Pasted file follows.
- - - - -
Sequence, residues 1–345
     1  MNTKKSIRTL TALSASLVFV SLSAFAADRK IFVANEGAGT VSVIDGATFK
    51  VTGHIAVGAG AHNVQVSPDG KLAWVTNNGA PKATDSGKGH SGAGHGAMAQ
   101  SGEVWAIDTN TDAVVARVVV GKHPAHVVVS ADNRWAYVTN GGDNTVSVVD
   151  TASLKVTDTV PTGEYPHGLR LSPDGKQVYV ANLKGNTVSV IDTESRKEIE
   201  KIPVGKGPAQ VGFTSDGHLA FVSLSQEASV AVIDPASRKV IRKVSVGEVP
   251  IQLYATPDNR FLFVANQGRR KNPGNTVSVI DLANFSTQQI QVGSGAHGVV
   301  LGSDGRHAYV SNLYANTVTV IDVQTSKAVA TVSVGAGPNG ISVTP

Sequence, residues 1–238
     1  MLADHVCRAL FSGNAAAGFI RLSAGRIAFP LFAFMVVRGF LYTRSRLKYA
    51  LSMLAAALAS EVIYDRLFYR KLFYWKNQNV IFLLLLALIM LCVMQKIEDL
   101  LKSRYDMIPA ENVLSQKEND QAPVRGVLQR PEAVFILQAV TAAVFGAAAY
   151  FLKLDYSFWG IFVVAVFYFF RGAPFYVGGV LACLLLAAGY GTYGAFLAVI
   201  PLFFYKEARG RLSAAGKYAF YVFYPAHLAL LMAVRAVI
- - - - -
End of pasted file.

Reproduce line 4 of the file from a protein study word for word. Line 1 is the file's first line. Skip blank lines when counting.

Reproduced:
   101  SGEVWAIDTN TDAVVARVVV GKHPAHVVVS ADNRWAYVTN GGDNTVSVVD